By the way, stop in to any library for the latest monthly copy of Book Page, a great roundup of what’s new on the book scene.

Tuesday, June 27, 2017

Investing in the world's future

A group of Abaarso's female students, who follow a conservative Muslim dress code

Mubarik Mohammed, graduating MIT.

Nimo Ahmed Ismail, with Jonathan Starr at Oberlin College in Ohio.


  Dream building for students in Somaliland

 By Ann Connery Frantz
Telegram & Gazertte, Worcester MA

There are life goals some may label impossible and others, unrealistic. But Worcester native Jonathan Starr, ready to leave the financial world for something different—and a way to "make a difference"—chose to use a half-million dollars and his backbone on a project far from home. He invested in children, targeting the future.

Then 32, Starr created a boarding school within the tiny African country of Somaliland, an autonomous state officially considered part of Somalia. Launched in 2009, the Abaarso School of Science and Technology is home to over 200 students. Its seventh to 12th graders—boys and girls—board there, studying science, literature, mathematics and other college-preparatory subjects. They seek better futures than might have been, and eventual leadership roles in their homeland.
Now 40, Starr has just watched the first group of Abaarso students graduate from colleges and universities in the United States and abroad. About 100 Abaarso graduates are currently continuing their education around the world, most in the U.S. Most would not have made it without the school.
Call it, if you will, a miracle; at the least, it's amazing.

Now, Starr has written "It Takes a School," published in February by Macmillan Henry Holt, hoping to inspire others who might teach or found other schools, and to build on Abaarso's future. Vignettes in the book describe children who came to Abaarso to prepare for college while developing personal strength and character. Tenacity, Starr calls it. For some, this is the only chance; little awaits them outside of the school. Admission is hotly competitive; Abaarso accepts students who show promise, regardless of a lack of earlier opportunities.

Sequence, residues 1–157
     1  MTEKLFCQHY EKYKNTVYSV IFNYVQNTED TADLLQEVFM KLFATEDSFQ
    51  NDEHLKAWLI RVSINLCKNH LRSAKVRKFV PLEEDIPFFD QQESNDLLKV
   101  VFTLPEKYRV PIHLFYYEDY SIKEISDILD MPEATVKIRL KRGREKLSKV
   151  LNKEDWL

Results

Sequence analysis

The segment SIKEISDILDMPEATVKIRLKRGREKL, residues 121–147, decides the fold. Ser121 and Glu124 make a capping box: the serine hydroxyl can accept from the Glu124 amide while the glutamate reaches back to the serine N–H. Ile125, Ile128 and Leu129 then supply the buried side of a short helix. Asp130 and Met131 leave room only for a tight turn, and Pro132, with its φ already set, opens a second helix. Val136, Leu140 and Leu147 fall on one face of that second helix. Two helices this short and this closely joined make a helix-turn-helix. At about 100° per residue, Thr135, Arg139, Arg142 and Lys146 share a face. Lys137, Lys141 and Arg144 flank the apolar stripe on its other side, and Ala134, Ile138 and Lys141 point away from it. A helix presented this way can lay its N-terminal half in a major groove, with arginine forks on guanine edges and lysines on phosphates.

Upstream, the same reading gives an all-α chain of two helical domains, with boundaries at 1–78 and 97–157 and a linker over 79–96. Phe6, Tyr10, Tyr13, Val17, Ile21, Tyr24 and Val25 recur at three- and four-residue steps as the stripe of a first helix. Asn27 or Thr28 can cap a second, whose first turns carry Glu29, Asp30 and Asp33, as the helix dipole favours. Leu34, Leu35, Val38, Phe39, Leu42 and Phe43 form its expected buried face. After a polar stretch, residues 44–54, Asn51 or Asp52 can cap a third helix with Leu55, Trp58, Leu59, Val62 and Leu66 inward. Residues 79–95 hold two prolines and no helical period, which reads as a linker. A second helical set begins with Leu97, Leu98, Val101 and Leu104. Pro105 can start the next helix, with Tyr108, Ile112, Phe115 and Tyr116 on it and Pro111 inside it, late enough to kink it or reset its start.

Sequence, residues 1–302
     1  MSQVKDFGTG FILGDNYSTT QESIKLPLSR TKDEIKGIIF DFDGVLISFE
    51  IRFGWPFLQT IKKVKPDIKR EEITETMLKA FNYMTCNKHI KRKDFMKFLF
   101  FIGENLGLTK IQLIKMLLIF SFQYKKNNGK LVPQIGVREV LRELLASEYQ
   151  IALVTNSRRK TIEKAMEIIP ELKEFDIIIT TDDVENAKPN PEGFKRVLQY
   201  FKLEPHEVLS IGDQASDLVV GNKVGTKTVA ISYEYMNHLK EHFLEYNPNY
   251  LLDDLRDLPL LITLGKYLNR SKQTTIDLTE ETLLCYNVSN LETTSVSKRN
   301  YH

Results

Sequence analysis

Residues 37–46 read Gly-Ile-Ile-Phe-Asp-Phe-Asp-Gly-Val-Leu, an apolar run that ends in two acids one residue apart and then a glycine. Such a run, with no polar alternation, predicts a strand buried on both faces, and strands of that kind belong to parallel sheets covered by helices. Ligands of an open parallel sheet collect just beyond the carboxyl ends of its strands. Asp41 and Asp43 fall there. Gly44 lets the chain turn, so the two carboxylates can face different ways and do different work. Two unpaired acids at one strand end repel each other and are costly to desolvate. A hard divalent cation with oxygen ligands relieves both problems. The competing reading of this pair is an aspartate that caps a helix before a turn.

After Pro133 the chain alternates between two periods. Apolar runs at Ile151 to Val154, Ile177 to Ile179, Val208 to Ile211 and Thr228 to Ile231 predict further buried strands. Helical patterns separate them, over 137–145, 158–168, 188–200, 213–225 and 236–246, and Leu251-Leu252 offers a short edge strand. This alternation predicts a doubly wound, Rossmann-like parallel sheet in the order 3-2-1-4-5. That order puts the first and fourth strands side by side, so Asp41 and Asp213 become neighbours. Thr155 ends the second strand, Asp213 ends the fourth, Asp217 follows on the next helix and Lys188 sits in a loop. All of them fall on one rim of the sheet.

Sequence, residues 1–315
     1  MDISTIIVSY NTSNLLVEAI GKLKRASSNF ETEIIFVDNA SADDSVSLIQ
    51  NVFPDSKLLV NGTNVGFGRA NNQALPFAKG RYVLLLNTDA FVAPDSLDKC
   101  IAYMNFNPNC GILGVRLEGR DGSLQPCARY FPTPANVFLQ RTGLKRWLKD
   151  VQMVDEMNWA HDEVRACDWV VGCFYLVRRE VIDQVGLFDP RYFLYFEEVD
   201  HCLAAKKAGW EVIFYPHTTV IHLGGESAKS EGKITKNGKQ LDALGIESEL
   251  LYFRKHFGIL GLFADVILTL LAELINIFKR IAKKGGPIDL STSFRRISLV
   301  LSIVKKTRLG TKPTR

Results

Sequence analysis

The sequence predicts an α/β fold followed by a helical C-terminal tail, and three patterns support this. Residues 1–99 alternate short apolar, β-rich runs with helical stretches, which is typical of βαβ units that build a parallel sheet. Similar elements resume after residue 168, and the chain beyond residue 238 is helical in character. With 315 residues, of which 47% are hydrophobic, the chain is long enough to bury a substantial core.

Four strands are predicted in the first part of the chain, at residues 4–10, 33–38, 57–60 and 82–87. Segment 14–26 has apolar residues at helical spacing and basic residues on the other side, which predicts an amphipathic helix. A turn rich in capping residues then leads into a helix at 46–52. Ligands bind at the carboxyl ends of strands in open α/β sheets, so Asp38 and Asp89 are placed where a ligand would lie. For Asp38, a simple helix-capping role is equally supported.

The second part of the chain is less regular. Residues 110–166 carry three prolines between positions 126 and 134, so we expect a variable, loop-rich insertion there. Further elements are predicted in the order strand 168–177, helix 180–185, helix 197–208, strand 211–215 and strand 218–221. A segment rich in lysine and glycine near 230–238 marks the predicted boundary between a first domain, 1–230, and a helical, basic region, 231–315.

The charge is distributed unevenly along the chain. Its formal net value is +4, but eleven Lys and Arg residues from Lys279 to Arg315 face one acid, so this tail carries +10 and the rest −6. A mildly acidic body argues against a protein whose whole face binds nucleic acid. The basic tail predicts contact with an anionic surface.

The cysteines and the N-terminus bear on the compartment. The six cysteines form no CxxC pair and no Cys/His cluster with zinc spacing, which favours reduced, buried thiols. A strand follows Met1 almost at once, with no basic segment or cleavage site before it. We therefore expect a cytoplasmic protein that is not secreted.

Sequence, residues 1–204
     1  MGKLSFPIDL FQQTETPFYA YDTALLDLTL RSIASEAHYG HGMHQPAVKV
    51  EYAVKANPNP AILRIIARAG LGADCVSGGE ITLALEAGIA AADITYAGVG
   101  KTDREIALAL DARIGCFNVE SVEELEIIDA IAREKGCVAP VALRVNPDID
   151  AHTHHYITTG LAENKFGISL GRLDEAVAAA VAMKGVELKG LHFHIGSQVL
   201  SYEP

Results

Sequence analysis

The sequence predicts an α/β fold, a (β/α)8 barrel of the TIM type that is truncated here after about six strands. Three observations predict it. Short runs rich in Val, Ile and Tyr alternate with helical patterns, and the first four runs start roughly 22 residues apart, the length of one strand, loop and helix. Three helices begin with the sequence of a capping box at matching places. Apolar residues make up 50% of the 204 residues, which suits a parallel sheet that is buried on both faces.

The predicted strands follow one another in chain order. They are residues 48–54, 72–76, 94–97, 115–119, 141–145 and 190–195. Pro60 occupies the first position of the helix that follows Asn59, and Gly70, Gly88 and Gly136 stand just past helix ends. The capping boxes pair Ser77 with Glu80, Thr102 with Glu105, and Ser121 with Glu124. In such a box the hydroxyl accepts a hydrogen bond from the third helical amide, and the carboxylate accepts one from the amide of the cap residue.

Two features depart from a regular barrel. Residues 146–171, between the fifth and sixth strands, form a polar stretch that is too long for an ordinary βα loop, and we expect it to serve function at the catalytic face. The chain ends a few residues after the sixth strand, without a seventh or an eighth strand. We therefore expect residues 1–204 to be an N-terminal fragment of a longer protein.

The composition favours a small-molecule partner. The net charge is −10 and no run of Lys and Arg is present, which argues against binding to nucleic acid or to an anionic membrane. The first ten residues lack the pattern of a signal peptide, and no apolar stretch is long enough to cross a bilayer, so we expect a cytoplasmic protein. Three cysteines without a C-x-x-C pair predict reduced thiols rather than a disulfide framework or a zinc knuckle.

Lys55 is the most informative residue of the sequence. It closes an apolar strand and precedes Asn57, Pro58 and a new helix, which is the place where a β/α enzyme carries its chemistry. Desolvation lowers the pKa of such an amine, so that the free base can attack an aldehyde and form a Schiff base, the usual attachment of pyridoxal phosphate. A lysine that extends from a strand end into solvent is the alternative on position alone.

"This year, there were 1,500 applicants for 50 spots in seventh grade," Starr said. Eventually, he may add more schools. More immediately, he will launch a women's university at a different site.
The school started with teachers from the U.S. and abroad—the kind of people dedicated to educating those who would otherwise go ignored, regardless of low pay. "That first year, I have no idea how we convinced people to come," he said. "We didn't get many, but it was great to have them. They are the trailblazers."

In the early years, community resistance proved dangerous and made it difficult to achieve acceptance—"It got ugly," he says. Other entrepreneurs might have walked out long before, but he refused to quit the students he'd grown to love and the dreams he had created with them. With the first college acceptance, to Nimo Ismail from Oberlin College, came widespread approval: Starr was getting the job done, not offering empty promises. 

A Worcester Academy graduate and summa cum laude economics graduate from Emory University, Starr knew what a difference quality education makes in young lives. His initial career in hedge fund investment provided savings, the means to go ahead. He provided hands-on direction. It's been eight years, and now the school sends graduates to colleges and universities far from home, such as Harvard, Yale, Oberlin, MIT, Brandeis and Holy Cross in this country—40 this year. Sixty more attend foreign schools. The kids are doing the work, proving their ability to succeed. And word has spread. Anderson Cooper has profiled Abaarso for “60 Minutes,” as have other news outlets.
Starr, living in Westborough with his young family (near parents in Worcester), remains fully committed to the school. He is raising funds for the school's growth as well.
"I could have been in finance my whole life, but I wanted to see something different, to be in a different environment and culture. And I thought it would be 'fun' to work with kids. In the investment world, you're choosing where you're going to invest but this is different; I chose to be on the operation side, where every single day you're involved in the investment. "This was the single best opportunity I was probably going to have to do something special. I had life flexibility, without a family depending on me. I was still relatively young. It was special—a chance to make a difference."

"Altogether, the school has taken in $3 million in donations for everything, including a campus," he said. An uncle from Somaliland, who lives in Brooklyn, went there with him first, to view the country and talk with people. "I had heard much about Somaliland; I knew through him I would have some contacts." The small country—autonomously controlled, northwest of Somalia—is 53,000 square miles but sparsely populated, with many there living nomadic lifestyles.
"There had been many a foreigner  who turned around and left," he said. "I wanted to like it; I hoped I would see something positive. Some would objectively say 'Oh my God that's terrible,' and I would say 'That's something I want to do.' It was an emotional decision."